In Australia’s divorce context, a “gift” typically refers to an asset or property that one party receives without expecting repayment or exchange. This can be a gift from a third party, such as family or friends, or from one spouse to another.
Characterising property as a gift is crucial when determining its treatment in a property settlement. Typically, gifts might include money, jewellery, real estate, or other valuables.
However, it’s essential to differentiate between gifts and assets acquired during the marriage through joint effort or purchase.
While gifts received during the marriage can be considered part of the matrimonial property pool, their treatment in the final settlement can vary based on factors like the giver’s intention, the timing of the gift, or any written agreement in place.
In this article, we will answer how the facility is treated when the marriage ends.
How Do Australian Courts Treat Gifts Given By One Spouse To Another During The Marriage?
In Australian family law, gifts given by one spouse to another during the marriage are generally considered part of the matrimonial property pool.
If the couple divorces or separates, the court will consider all assets, including gifts, to ensure a just and equitable distribution.
However, the significance and intent of the gift, its value, and the circumstances surrounding its acquisition can influence its treatment in property settlements.
While gifts between spouses can be seen as joint property, other factors like financial contributions, non-financial contributions, and future needs of both parties will also be considered during property division.
If you are unsure whether a gift is owned by you alone or is considered a conjugal property, this article will help you figure out the answer.
Are Gifts Included In Divorce Settlements?
Yes, gifts can be included in divorce settlements. Gifts received during the marriage, whether from a spouse or someone outside the marriage, can be considered part of the marital property or community property. If deemed marital property, they are subject to division during the divorce process.
Are Gifts From Parents Marital Property?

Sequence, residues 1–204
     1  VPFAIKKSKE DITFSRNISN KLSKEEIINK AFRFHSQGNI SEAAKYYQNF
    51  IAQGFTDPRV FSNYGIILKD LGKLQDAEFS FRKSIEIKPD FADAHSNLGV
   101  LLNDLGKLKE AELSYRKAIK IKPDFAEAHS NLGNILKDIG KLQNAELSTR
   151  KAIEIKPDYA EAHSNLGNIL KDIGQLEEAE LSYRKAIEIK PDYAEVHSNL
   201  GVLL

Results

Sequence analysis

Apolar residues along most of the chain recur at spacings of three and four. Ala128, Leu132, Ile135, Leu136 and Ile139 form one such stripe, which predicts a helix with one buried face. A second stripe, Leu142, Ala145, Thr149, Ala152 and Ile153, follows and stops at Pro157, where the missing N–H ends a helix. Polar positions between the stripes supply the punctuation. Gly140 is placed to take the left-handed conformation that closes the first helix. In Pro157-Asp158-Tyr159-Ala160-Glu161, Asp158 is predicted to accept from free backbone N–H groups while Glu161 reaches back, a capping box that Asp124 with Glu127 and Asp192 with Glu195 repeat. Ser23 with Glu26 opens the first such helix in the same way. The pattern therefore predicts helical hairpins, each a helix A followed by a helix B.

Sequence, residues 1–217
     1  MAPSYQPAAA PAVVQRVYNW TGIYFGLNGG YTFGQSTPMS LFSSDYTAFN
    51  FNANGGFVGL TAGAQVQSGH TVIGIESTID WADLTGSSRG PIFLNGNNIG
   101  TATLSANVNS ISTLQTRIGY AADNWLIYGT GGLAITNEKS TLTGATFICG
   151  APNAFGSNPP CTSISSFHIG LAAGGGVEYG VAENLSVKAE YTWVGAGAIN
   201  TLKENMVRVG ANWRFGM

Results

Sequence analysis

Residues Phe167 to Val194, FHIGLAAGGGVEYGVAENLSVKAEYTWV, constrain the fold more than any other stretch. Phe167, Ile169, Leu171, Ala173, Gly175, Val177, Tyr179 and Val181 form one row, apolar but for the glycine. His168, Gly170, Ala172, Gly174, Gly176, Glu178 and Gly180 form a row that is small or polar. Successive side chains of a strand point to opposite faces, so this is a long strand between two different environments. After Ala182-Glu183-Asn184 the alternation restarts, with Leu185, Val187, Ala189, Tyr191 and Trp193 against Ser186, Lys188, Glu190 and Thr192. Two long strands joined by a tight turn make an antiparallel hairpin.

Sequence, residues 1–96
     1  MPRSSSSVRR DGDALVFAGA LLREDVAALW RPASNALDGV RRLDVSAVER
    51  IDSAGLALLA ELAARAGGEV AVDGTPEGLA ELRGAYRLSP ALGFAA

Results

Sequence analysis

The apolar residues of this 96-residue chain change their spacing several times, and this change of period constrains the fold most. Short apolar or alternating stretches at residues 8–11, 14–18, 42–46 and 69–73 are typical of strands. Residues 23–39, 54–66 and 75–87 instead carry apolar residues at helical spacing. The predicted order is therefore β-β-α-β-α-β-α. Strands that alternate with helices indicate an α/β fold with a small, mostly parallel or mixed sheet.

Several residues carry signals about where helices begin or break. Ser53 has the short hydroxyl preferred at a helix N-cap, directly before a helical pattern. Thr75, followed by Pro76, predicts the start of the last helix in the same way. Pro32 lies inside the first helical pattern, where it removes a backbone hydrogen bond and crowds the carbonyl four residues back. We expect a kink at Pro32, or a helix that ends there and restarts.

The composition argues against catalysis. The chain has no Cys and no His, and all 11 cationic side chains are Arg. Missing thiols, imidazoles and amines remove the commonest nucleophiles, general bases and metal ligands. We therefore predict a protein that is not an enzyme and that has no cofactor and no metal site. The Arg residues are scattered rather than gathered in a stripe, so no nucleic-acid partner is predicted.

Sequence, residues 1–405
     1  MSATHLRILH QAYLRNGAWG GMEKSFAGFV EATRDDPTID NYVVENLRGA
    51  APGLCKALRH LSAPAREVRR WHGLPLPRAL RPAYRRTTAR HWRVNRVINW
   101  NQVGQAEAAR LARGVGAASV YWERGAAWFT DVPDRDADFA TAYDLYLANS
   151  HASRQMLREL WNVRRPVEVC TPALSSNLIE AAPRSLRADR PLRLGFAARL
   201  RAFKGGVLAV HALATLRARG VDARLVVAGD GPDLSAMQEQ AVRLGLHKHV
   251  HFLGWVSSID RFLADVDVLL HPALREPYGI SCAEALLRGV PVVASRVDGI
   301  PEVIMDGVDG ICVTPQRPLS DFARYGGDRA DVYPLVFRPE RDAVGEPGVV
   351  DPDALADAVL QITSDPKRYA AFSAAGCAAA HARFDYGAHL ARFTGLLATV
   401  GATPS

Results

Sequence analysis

Whether gifts from parents are considered marital property largely depends on the jurisdiction and the specific circumstances surrounding the gift. Here’s a general overview:
- Intent of the Giver: If parents intend a gift to be for one child exclusively, and this intent is documented or proven, the gift may be considered separate property. However, if the intention was for the gift to benefit both spouses (e.g., a down payment for a house they purchase together), it may be treated as marital property.
- Commingling of Assets: Even if a gift was intended for one spouse if the funds or property are mixed or “commingled” with marital funds or used for the benefit of both spouses, they might be transformed into marital property. For example, if parents give money to one spouse, which is then used to renovate a home jointly owned by the couple, the gift could become marital property.
- Documentation: Keeping clear records and documentation regarding the gift’s origin, intent, and use can help clarify its status in the event of a divorce. A gift letter or some form of written indication of the purpose behind the gift can be handy.
- Prenuptial or Postnuptial Agreements: If the couple has a prenuptial or postnuptial agreement, the treatment of gifts, inheritances, and other assets might be specified in that agreement.
- Jurisdictional Variations: Different jurisdictions have different rules regarding marital and separate property. Some jurisdictions operate on a community property system, while others use an equitable distribution system. The classification of gifts from parents can vary depending on local laws and precedents.
- Transformative Actions: If a gift given to one spouse is later placed in both names (e.g., a house or a car), this can transform the gift into marital property.
How to Protect Gifts From Divorce?
Protecting gifts from being divided or claimed in a divorce is a concern for many individuals. You can employ several strategies and precautions to help ensure that gifts remain separate property. Here’s a guide to help: